Written on January 14, 2016 (13 days before)
“Love is watching someone die.”
Heads up: this post is coming to you straight from Bummerville.
I’ve meant to write so many times in the last couple weeks, but I couldn’t really bring myself to open my laptop and write the first sentence. So here goes.
Dad is dying. I know, technically he’s been dying for a while. Technically we’re all dying. Right now, though…it seems imminent.
On December 11, Greg and Nancy had their annual Christmas party. Dad was tired. I sat by him. Bev would go fill his plate, and it was obvious that he didn’t have a lot of energy to run around the house, but he was there and aware and talking and mostly being himself.
On December 25, Dad slept for most of the day. Bev wasn’t there. In hindsight maybe I should have been more…helpful? But I didn’t want to make him feel like I was babying him. Throughout this whole process, I’ve tried to treat him the same as always, with the occasional health question thrown in. Anyway, he was tired, and he was in pain, but when he was awake, he was mostly the same as usual. Standing for a picture was difficult, and he was shaking the whole time, but he did it. I kind of hated making him stand for a picture, but at the same time, I needed it. I won’t apologize for needing it.
The next couple weeks, he looked bad. Way worse than Christmas. He fell asleep a lot, but he still asked us questions and talked to us about as much as usual.
The last thing I remember him saying clearly—I think this was the day after Jaz left—was in response to me saying I’d be back to see him soon. He said, “Please do. Your daddy’s wasting away.”
He also thanked me for checking on him (I don’t remember when he said that, but I’m cataloging as many of his words as I can.)
I am heartbroken. The next time I came to see him—maybe a couple days later—he could barely speak. I don’t know if he’s just too tired to talk or if the pain medicine is fogging his brain or what, but about 99 percent of his words come out as an unintelligible mumble. I try to talk to him as much as I can, but it is hard, because he’ll mumble back to something I’ve said, and I can’t tell if he’s really trying to engage in conversation or if he’s just kind of out of it. And I don’t want to talk over him if he is trying to say something, but I don’t want to constantly ask him what he said either.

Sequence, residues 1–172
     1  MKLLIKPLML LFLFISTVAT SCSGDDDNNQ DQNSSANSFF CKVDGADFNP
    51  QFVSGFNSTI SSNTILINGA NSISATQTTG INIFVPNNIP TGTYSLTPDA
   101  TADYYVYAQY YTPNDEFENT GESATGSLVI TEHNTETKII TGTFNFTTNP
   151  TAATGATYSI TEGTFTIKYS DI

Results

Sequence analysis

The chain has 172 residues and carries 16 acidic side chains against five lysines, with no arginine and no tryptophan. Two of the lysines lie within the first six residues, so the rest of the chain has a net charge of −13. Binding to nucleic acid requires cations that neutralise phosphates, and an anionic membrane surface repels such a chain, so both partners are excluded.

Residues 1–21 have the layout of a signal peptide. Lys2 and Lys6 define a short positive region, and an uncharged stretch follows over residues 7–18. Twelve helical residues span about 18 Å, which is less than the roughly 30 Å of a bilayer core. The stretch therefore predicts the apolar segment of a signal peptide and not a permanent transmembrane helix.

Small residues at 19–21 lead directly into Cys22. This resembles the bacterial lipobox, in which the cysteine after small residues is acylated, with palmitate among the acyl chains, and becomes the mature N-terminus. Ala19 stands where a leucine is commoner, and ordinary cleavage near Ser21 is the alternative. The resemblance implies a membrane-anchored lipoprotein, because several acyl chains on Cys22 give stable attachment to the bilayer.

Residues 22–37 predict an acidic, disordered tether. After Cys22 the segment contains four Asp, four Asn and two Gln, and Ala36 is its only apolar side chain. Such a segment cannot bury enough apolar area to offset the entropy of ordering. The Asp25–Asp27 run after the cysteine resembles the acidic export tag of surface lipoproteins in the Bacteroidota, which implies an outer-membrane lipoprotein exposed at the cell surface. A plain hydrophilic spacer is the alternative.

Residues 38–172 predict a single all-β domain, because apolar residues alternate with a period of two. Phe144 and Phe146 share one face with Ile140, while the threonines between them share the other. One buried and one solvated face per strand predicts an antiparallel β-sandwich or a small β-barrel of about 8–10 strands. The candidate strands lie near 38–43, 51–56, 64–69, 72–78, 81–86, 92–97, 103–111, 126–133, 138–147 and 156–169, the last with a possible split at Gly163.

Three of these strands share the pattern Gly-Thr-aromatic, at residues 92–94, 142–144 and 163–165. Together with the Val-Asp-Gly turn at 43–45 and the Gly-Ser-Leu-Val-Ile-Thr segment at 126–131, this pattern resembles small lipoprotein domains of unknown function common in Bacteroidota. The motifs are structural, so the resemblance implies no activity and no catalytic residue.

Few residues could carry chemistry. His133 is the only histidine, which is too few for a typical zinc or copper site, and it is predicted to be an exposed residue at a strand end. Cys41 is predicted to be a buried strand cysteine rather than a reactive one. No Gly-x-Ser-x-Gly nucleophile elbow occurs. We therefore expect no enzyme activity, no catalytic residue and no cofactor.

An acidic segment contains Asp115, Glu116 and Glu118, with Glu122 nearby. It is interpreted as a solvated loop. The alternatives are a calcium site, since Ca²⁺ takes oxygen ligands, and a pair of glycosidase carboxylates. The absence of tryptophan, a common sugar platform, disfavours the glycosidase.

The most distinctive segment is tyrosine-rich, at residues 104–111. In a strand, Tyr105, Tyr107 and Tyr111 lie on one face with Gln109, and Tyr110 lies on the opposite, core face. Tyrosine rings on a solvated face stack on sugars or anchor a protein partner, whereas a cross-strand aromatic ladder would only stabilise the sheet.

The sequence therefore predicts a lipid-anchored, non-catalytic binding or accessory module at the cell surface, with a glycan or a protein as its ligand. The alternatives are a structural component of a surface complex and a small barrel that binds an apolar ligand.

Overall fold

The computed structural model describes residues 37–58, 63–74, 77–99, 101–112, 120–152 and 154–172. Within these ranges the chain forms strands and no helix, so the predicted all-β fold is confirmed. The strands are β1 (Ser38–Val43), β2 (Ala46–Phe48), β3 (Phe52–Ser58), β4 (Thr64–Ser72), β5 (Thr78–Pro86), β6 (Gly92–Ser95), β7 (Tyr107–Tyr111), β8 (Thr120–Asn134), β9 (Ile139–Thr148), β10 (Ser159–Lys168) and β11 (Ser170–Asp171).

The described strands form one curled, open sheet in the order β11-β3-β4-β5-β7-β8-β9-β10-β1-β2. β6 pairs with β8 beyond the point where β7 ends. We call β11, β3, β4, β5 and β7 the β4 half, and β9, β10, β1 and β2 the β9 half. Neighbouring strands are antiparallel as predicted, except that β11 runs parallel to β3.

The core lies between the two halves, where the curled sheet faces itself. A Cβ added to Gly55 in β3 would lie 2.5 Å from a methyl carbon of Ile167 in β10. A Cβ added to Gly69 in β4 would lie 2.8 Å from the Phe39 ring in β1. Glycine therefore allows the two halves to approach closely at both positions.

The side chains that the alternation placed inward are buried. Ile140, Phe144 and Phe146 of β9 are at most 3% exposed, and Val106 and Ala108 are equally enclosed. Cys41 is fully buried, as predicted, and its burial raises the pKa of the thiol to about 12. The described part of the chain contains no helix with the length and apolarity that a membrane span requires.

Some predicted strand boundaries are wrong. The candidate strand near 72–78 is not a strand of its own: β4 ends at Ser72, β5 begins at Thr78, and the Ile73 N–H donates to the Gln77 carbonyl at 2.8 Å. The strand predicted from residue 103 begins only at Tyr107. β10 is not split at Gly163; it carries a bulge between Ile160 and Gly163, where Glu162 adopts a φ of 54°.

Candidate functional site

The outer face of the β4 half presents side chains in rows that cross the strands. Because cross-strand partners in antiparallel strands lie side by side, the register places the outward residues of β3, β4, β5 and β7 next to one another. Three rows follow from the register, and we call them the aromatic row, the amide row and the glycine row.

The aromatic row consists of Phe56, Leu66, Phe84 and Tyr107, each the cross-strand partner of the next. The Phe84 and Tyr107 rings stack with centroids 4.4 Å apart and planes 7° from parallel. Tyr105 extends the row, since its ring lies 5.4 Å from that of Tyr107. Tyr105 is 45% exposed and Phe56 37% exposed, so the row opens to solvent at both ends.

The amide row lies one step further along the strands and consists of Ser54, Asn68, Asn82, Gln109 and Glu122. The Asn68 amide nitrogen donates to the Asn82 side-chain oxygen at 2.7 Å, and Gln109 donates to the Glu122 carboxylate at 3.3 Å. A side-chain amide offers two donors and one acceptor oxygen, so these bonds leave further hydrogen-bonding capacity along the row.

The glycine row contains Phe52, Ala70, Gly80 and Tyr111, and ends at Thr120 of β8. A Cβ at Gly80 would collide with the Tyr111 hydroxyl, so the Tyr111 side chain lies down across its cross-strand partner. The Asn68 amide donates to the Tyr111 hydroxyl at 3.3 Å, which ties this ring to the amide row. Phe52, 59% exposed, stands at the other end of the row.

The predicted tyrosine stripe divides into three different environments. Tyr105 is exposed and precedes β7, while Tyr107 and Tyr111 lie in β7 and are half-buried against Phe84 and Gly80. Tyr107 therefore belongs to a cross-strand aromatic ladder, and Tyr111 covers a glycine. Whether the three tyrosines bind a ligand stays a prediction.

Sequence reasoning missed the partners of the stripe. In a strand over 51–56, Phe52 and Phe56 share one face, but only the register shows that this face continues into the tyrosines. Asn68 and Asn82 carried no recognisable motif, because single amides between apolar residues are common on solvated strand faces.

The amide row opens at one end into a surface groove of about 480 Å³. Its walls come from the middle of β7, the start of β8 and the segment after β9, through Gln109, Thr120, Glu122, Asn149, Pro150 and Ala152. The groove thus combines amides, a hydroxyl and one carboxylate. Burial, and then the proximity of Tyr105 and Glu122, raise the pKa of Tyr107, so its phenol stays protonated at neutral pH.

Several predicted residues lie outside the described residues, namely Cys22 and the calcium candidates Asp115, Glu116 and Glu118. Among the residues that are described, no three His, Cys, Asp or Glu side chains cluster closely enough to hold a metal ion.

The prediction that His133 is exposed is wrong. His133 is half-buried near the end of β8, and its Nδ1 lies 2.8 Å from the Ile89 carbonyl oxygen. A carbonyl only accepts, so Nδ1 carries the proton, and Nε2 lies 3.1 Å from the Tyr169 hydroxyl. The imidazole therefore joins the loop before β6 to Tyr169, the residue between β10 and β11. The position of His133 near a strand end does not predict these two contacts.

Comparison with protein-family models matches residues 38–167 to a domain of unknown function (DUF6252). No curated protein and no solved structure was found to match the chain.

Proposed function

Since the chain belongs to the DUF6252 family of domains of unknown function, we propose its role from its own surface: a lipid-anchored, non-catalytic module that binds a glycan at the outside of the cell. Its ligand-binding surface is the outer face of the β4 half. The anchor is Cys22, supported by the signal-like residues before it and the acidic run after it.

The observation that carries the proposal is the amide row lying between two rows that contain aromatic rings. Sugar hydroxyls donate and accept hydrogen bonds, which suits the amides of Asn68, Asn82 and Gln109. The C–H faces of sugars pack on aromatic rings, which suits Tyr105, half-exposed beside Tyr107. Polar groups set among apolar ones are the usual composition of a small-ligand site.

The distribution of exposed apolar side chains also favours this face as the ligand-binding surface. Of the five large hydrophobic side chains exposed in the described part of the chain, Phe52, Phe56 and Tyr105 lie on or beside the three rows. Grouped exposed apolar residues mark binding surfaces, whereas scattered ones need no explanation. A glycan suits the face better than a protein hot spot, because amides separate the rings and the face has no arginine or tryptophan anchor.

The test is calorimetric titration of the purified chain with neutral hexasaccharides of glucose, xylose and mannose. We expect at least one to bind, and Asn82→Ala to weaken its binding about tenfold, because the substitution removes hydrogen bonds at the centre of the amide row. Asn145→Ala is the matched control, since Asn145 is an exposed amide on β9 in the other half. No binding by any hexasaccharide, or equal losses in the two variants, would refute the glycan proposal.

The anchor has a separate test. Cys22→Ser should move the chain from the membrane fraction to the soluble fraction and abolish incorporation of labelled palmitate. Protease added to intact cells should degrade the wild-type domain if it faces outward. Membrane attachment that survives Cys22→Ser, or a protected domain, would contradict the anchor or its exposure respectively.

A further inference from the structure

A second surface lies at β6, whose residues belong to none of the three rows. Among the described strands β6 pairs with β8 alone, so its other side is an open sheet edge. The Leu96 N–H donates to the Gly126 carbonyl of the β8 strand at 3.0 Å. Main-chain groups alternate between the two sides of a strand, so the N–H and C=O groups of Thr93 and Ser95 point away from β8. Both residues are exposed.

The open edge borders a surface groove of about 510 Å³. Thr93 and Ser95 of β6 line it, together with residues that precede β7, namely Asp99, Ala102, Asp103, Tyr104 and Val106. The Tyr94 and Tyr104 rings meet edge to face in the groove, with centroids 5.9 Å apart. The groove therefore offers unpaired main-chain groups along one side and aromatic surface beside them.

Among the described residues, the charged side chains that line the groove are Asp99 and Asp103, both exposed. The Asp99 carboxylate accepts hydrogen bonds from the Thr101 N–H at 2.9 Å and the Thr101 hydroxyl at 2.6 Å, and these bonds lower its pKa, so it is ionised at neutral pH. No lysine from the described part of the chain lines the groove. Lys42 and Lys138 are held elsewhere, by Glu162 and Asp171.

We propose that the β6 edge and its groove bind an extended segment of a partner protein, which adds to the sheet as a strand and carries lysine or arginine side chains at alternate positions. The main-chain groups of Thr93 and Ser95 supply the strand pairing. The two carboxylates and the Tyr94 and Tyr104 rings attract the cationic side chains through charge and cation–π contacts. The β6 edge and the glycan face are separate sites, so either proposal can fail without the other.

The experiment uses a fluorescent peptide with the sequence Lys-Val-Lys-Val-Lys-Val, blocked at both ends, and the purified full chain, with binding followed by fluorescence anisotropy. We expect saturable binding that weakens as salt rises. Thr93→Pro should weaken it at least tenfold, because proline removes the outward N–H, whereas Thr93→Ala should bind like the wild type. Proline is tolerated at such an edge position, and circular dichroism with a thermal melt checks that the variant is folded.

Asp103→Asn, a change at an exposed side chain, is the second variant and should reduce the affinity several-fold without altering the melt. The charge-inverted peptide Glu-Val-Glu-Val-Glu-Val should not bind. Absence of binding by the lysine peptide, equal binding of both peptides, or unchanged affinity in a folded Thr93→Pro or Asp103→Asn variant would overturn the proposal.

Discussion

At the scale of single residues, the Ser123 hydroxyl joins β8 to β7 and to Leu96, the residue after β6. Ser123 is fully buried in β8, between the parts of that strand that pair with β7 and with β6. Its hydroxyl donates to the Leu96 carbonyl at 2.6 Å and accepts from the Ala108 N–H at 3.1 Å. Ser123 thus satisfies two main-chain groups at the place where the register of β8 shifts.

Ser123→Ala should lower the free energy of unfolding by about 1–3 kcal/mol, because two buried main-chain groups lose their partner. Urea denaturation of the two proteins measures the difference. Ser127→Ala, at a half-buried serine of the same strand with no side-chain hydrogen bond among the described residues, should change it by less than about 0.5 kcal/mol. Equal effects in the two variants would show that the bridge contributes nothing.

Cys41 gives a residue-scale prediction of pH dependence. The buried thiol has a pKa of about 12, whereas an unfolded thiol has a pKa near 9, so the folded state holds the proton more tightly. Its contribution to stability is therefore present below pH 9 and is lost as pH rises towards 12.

Every once in a while, he’ll say something that comes out fairly clearly. I think it takes a lot of effort, so I’m going to store the memories and be thankful for them.
One night, after I helped him adjust his cannula, he mumbled, and when I didn’t respond, he turned to me and said, “Thank you.”
Last night, Bev and Greg helped him walk to his bed so he could go to sleep. I sat beside him and kissed him on the cheek and told him I love him. I’m trying to never let a day go by without telling him I love him. He replied, “I love you,” and then I think he was scared that I didn’t hear or understand him, because he said it again, louder, and that time I replied, “I love you too.” And then I left.
More than anything, I want him to know that I love him, but I also recognize that it’s important for him to know that I heard him, and that he loves me too. I’m trying to be there, but it’s hard to watch him die. It’s hard to watch him waste away. I don’t know what his last words to me will be, and I don’t know if I’ll understand them, so starting now, I’m keeping track of the ones I do understand.
I’m carrying those words with me wherever I go.